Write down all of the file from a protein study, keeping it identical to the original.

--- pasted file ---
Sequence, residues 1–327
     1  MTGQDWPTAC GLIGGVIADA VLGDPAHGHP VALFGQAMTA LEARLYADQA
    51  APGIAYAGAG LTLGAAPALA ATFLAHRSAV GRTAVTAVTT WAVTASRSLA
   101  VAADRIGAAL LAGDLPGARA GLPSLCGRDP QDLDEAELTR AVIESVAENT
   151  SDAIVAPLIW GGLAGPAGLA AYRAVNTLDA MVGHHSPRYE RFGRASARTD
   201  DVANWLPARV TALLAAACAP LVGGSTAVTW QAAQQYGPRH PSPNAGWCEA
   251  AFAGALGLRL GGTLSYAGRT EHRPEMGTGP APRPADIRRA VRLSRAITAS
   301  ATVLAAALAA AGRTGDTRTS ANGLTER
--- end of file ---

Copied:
Sequence, residues 1–327
     1  MTGQDWPTAC GLIGGVIADA VLGDPAHGHP VALFGQAMTA LEARLYADQA
    51  APGIAYAGAG LTLGAAPALA ATFLAHRSAV GRTAVTAVTT WAVTASRSLA
   101  VAADRIGAAL LAGDLPGARA GLPSLCGRDP QDLDEAELTR AVIESVAENT
   151  SDAIVAPLIW GGLAGPAGLA AYRAVNTLDA MVGHHSPRYE RFGRASARTD
   201  DVANWLPARV TALLAAACAP LVGGSTAVTW QAAQQYGPRH PSPNAGWCEA
   251  AFAGALGLRL GGTLSYAGRT EHRPEMGTGP APRPADIRRA VRLSRAITAS
   301  ATVLAAALAA AGRTGDTRTS ANGLTER